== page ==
It can be difficult making friends once you’re past a certain age because the older people get the more set in their ways they become. Youth offers any number of bonding experiences that bring people together from grade school up through college, but once you enter the real world those opportunities start to dwindle. Husbands and wives, children, jobs, existing friends…these things tend to limit the time you have for meeting new people, becoming familiar with them and building new relationships.
Past the age of thirty a catalyst of some kind is required to draw people together on short notice. Something big is good. Something of planetary importance is even better.
Evan (Ben Stiller) is constantly on the lookout for friends and has formed more clubs than Tracy Flick ever dared to dream. He keeps busy with running club and Spanish for Senior Citizens, but when one of his Costco employees is viciously murdered Evan decides to form a Neighborhood Watch. Franklin (Jonah Hill) failed every test the police department threw at him, so the opportunity to join a “vigilante squad” appeals to him greatly. Bob (Vince Vaughn) is a recent transplant to town with his wife and teen daughter, and he jumps at the chance to hang out with the guys. And Jamarcus (Richard Ayoade) is simply a responsible newcomer to our American shores.
Together they form a local neighborhood watch. Together they will decide Earth’s fate as they discover and attempt to stop an alien invasion. Together, if they survive, they might just find some new friends in the process.
“Come over here and finger-bang this ball with us.”
Some movies live or die on the strength of their cast, and like many great comedies this is one of them. No doubt many of the jokes were already on the page, but it’s the comedic talents onscreen that bring the laughs to life. It’s the stretches of back and forth riffing that bump this immediately towards the top of the year’s funniest comedies. Hill continues to find success in ensembles with his deadpan delivery and willingness to tongue even the crassest line of dialogue into hilarious shape, and Ayoade channels a much fouler version of his straitlaced IT Crowd character to humorous effect.
Stiller and Vaughn are arguably the two biggest names here, and both have been suffering through a laugh-free stretch for years now. There’s exactly one successful joke spread between Stiller’s Tower Heist and Little Fockers and Vaughn’s The Dilemma and Couples Retreat. (The punchline to that joke is found in audiences actually shelling out cash at the box office.) But here, both men manage to tone down the shticks that took over their comedy in recent years and come out the other end responsible for many of the film’s bigger laughs.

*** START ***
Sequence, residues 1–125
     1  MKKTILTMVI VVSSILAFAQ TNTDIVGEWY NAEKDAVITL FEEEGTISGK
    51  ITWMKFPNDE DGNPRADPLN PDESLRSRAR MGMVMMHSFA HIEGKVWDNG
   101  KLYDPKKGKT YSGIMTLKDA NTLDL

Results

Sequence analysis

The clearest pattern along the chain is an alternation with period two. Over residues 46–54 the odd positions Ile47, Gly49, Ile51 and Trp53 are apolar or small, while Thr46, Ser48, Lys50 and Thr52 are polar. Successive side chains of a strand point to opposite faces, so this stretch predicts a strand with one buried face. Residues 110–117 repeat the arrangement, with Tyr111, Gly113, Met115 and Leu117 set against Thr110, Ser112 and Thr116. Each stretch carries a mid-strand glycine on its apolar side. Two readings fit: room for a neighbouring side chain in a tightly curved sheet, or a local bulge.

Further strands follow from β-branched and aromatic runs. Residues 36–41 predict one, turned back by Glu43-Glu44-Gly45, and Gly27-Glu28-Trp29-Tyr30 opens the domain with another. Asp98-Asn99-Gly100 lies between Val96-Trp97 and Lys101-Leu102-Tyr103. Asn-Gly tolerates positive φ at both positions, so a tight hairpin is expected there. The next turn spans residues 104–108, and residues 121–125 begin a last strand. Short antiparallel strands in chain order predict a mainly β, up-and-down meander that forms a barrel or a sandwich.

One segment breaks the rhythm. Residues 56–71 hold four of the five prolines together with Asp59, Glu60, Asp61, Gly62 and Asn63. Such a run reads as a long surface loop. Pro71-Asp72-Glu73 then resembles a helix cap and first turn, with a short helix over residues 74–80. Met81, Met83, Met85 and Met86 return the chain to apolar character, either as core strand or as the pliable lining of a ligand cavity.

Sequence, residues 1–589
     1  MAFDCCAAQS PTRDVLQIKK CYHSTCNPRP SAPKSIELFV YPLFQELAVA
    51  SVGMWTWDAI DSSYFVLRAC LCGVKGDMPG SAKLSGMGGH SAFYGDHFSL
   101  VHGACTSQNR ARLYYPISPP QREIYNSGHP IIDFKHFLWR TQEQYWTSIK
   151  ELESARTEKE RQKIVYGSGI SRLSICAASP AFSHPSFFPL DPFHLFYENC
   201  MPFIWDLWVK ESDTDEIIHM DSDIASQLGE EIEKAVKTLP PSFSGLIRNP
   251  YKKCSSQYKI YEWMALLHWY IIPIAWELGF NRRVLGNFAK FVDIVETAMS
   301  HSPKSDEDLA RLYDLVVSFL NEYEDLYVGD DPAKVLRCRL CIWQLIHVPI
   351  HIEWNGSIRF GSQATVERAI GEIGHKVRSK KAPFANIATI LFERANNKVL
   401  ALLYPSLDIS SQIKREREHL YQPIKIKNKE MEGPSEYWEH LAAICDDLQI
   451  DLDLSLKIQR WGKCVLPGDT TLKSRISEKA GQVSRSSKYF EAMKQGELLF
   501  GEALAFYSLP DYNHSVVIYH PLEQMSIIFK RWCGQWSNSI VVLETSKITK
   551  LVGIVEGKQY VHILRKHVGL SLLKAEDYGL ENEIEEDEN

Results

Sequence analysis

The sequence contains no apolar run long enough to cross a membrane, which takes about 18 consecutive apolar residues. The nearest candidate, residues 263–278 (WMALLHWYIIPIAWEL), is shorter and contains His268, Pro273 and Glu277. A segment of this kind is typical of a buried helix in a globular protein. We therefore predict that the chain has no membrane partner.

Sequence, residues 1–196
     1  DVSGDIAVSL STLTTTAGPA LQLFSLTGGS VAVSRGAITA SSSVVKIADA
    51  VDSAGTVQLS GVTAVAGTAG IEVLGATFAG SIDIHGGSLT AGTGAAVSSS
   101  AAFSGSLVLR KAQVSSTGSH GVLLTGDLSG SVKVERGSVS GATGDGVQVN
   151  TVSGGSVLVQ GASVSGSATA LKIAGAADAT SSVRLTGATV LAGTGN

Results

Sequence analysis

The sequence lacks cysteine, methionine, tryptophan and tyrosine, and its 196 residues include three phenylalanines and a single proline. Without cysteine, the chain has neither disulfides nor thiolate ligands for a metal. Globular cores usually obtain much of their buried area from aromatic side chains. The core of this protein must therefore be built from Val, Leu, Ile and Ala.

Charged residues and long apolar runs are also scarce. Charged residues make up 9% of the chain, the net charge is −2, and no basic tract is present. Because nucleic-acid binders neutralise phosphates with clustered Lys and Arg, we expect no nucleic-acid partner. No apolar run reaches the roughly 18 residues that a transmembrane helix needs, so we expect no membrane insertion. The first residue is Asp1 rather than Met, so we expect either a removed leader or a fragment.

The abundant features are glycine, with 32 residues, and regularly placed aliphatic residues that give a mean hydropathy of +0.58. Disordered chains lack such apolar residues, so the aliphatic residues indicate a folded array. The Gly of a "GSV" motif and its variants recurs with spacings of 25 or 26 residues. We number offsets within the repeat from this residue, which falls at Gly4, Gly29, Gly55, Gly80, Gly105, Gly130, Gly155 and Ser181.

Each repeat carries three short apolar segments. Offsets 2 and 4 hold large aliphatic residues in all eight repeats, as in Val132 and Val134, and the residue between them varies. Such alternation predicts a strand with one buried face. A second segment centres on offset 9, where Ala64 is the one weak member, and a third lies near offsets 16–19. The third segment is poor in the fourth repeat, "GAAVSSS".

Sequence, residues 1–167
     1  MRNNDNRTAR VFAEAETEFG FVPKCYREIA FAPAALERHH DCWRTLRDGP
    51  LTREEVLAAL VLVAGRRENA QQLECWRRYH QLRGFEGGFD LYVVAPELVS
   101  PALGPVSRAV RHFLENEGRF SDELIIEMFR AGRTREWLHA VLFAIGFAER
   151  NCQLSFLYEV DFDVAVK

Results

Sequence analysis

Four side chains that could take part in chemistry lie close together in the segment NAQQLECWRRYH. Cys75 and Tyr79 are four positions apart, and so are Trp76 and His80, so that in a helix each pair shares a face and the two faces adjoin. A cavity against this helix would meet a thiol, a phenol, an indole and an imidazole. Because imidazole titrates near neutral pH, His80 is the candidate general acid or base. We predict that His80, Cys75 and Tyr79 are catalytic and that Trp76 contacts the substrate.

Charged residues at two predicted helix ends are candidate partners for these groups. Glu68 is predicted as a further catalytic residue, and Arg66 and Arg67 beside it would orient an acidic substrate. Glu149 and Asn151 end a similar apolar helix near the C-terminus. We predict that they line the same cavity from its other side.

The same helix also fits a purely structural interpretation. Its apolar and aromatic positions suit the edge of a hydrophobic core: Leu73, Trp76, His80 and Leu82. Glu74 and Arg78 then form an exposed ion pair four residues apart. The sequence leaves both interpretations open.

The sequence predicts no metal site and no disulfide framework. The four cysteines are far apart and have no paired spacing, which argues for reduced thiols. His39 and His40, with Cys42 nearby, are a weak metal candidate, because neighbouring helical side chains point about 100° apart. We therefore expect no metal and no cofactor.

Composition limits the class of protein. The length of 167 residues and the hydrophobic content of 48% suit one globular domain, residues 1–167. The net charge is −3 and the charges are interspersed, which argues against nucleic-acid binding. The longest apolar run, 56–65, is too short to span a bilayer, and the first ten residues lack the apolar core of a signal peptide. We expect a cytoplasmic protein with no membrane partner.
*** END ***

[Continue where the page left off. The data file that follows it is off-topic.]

It’s difficult to tell where to specifically credit or blame director Akiva Schaffer as the talent onscreen takes the comedic reins every chance they get, but the film looks good and has a steady pace to it. He’s following up his 2007 Andy Samberg vehicle, Hot Rod, which is as maligned as it is beloved, and in addition to stepping up to more recognizable faces he’s opened the floodgates when it comes to earning the R-rating.
The majority of the film’s many, many laughs are crass, foul, and somehow sexual in nature. It makes little sense to criticize the film’s most successful aspect, but while a tighter control on the script may have reduced the guffaws it ultimately would have resulted in a stronger movie. The best comedies have story and character to back up the laughs, and this one has neither.
You won’t find much more about the plot it does have here for two reasons. One, every movie is best experienced as fresh and as blind as possible. A quartet of very funny gentlemen discover an impending alien takeover, and they band together to stop it. Do you really need more than that? No. No, you don’t.
The second reason further plot details are unnecessary here though is that the film itself doesn’t really care about them, so why should we? The script by Jared Stern (with additional dirty touch-ups by Seth Rogen and Evan Goldberg) lays the story’s groundwork out alongside attempts at character building for each of the leads, but much of it feels irrelevant and uninspired.
There’s no question that The Watch is a damn funny movie even if it’s not a very original or memorable one. It’s Attack the Block with dick jokes. It’s Ghostbusters minus the staying power. And it’s currently the most hilarious movie playing at a theater near you. (Unless 21 Jump Street is still playing at a second-run theater…)
The Upside: Lots of laughs; fantastic cast chemistry; Vince Vaughn and Ben Stiller remind us why we once thought they were funny; Richard Ayoade gets the wider audience he deserves; Will Forte and Billy Crudup are killer in small roles; Costco has a very accommodating marketing department.
The Downside: Movie is less successful when focused on story and character; most of the plot turns are easily predictable.
On the Side: The film’s original title, Neighborhood Watch, was altered after the shooting of an unarmed Florida teenager named Trayvon Martin by a Neighborhood Watch coordinator earlier this year.